The Mormon Temple of Washington D.C. stands on a hill like a castle above the northern reaches of I-494. The imposing six-spired edifice, completed in 1974, is sheathed in white marble and with Moroni’s trumpet reaching 288 feet from the ground, it’s even taller than the temple in Salt Lake City.
A recent visit there was a little reminiscent of a time, many years ago, when I rode through Jim and Tammi Bakker’s “Heritage USA” complex south of Charlotte, N.C., which also featured elaborate Christmas lights. On this trip, however, there were no time-shares for sale.
On a busy weekend night, the Visitor’s Center was organized mayhem as families in overcoats found their way into lines to pick up free concert tickets or to snake past a large statue of Jesus and through the gallery of nativities. Neatly dressed men and women whose first names had been replaced by “Elder” or “Sister” were strategically located throughout the building, each with a friendly smile and many holding a clipboard to gather information and a free Book of Mormon to give folks who expressed even the least interest in learning more about Mormonism.
The temple itself was off limits to visitors, but looking into the lobby, one could see men and women dressed in white from head to toe, as if trying to look the part of latter-day saints.
The whole thing felt just a bit creepy to me: the dark-suited elders and the stark white temple with its white-clothed personnel contrasted sharply with the colored lights on the trees. There seemed to be a conscious strategy of displaying Jesus front and center, while the more odd beliefs about ancient Hebrew sailing to America, Joseph Smith’s golden tablets, and the LDS prophet’s hotline to God remained hidden within the pages of the Book of Mormon, though stacks of them were available.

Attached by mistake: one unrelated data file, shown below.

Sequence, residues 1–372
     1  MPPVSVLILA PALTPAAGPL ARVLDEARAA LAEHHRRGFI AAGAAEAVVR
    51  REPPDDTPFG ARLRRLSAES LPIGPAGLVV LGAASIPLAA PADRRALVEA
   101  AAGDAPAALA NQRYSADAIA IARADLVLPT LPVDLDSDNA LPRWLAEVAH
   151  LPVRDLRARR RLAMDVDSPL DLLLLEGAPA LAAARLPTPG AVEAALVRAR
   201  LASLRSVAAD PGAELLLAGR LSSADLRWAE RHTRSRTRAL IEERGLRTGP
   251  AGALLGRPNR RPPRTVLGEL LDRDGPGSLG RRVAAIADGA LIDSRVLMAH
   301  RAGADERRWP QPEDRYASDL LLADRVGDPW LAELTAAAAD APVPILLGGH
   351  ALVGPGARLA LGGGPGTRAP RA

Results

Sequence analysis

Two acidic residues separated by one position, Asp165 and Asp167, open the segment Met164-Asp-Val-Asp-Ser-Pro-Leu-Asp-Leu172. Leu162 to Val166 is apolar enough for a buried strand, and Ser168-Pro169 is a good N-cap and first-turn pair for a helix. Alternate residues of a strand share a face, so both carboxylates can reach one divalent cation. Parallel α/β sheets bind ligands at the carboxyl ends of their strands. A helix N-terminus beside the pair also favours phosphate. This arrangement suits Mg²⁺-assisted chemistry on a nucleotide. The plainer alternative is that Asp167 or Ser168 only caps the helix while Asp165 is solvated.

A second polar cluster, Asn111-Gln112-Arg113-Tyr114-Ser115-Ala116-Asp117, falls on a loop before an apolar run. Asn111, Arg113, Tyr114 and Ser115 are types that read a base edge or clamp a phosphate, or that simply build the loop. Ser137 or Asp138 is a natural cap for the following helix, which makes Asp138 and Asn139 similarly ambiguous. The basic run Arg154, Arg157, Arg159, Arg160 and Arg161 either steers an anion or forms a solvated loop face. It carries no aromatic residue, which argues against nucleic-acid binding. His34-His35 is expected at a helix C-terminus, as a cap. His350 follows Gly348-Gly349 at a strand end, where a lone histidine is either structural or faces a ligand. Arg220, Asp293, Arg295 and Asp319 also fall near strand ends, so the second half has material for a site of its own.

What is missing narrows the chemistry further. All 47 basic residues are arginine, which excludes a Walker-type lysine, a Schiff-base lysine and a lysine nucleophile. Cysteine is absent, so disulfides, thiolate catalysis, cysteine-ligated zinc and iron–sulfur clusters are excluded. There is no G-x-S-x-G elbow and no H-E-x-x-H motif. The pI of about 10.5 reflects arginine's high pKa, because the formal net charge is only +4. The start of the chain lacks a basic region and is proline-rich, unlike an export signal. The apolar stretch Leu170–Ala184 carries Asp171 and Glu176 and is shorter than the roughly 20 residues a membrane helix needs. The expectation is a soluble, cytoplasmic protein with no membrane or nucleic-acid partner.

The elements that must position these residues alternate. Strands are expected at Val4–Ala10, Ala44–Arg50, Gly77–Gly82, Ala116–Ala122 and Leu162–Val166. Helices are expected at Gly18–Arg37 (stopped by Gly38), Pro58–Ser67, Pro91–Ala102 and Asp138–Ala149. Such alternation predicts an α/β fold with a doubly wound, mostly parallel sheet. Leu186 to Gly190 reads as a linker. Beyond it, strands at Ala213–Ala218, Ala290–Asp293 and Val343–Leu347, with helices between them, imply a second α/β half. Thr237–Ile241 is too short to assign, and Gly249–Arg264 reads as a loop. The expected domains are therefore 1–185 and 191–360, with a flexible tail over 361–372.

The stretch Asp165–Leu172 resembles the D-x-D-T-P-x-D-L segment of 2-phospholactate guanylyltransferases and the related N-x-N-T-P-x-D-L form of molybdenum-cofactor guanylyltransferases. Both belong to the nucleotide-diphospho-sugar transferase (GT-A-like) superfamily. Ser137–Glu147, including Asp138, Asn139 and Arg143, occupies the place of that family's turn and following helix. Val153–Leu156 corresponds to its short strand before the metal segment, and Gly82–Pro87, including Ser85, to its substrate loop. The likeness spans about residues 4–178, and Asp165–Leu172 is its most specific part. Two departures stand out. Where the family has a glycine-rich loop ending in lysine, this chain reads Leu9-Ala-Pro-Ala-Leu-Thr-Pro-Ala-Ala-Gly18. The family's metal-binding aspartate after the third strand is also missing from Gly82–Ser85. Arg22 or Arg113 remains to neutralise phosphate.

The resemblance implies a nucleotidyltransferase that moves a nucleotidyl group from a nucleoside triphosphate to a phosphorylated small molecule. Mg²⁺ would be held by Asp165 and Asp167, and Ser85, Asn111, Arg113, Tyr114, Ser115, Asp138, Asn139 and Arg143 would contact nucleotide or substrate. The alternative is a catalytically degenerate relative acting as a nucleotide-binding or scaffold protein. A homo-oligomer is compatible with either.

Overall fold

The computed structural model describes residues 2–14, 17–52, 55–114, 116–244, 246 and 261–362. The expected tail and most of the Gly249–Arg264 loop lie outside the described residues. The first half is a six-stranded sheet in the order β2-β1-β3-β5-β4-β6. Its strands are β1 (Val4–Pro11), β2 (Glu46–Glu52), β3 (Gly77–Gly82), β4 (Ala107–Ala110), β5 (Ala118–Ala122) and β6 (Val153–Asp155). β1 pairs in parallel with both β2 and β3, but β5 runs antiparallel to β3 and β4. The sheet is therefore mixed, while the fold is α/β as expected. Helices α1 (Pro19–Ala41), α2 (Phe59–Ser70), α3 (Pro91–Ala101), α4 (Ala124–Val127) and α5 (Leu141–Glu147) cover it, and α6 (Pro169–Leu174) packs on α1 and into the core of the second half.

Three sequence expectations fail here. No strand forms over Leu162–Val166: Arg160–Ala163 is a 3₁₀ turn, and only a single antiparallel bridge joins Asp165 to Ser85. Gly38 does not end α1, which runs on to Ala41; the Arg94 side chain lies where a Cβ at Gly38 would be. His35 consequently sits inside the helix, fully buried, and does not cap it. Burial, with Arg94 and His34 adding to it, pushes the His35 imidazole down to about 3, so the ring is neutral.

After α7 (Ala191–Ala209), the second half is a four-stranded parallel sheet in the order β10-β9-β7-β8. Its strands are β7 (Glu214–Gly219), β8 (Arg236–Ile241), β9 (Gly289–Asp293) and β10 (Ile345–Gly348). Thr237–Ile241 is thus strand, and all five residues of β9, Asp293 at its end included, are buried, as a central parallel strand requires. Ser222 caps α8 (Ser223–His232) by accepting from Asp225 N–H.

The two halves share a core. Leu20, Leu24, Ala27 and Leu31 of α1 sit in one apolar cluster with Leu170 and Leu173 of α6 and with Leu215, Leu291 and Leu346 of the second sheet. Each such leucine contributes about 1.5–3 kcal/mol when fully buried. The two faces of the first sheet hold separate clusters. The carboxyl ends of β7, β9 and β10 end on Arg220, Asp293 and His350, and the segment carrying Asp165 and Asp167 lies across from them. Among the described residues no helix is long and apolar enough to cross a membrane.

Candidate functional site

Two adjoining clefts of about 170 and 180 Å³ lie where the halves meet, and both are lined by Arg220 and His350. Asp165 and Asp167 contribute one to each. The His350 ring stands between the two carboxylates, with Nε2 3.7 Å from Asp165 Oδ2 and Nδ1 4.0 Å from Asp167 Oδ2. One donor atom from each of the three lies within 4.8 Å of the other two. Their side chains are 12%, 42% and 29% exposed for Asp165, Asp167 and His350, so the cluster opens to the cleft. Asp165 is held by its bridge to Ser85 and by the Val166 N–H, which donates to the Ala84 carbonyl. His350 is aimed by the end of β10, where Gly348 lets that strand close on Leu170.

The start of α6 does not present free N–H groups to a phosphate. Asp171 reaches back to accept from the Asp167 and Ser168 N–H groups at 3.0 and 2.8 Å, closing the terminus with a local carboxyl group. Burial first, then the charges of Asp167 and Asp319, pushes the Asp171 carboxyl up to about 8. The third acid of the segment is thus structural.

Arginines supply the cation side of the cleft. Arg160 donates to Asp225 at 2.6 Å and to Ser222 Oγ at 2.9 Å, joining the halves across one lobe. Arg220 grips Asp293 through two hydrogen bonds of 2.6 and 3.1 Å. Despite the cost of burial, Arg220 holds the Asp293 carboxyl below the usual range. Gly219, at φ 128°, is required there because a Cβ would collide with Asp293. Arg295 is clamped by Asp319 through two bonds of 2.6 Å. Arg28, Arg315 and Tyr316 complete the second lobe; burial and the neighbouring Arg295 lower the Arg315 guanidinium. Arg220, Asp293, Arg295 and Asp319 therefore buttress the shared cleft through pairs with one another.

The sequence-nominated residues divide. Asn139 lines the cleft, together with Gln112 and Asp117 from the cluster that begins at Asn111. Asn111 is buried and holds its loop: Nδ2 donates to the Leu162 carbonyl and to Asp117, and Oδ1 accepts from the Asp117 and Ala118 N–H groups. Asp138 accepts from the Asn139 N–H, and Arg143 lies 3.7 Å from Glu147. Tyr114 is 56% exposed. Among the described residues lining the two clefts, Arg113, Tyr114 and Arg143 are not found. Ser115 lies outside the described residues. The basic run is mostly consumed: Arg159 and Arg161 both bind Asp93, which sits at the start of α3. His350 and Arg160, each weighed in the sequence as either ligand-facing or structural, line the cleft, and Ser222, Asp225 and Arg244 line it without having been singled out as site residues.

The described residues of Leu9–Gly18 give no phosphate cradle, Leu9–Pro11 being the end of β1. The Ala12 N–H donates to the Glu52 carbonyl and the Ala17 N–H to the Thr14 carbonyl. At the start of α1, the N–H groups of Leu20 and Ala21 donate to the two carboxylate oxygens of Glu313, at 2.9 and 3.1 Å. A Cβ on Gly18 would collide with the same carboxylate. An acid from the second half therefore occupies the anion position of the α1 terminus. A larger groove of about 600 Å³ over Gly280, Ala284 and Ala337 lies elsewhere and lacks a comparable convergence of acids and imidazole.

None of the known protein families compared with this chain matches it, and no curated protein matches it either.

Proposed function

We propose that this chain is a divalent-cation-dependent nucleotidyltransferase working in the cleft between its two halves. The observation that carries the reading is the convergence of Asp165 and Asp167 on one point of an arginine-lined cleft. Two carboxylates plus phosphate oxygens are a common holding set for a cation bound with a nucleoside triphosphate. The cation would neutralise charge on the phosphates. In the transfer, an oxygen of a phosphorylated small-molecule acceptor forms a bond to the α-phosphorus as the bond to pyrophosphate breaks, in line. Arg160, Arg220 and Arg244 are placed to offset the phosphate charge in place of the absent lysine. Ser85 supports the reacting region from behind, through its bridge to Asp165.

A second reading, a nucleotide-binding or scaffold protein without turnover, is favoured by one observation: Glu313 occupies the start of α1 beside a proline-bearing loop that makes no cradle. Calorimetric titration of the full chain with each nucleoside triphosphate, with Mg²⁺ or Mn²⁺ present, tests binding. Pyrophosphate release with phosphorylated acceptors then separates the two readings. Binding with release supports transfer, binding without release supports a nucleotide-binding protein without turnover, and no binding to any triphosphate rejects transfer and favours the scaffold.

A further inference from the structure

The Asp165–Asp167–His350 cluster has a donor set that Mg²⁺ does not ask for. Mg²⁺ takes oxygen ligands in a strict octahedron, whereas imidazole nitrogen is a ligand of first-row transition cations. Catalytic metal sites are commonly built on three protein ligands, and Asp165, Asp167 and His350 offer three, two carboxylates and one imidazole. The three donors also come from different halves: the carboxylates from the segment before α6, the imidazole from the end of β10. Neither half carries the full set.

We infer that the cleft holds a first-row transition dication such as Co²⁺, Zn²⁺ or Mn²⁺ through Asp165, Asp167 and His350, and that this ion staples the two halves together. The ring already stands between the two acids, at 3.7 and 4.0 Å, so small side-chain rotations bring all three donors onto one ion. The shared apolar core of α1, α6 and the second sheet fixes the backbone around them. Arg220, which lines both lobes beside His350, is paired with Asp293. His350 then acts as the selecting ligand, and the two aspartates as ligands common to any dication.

The most comfortable part, for me, was the display of nativities, a clear reminder of how people in different corners of the world see the Christmas characters so differently. Mary and Joseph were portrayed in various skin tones and wildly divergent cultural costumes. In an Aleut nativity, the Holy Family was attended by a polar bear and a walrus rather then sheep and donkeys. There were nativities carved from wood and cast from metal, inscribed into crystal or painted onto Santa’s flowing white beard.
It was a good reminder that we see Jesus in many ways, and not all of them clear. That’s one reason to be glad that Jesus sees us in the same way … as folks who are broken and in need of healing, as people who harbor the hope of making the world better, as children of God so loved by God that the Advent was deemed to be worth the cost.
That’s a welcome message any time of the year.
Professor of Old Testament at Campbell University Divinity School in Buies Creek, North Carolina, and the Contributing Editor and Curriculum Writer at Good Faith Media.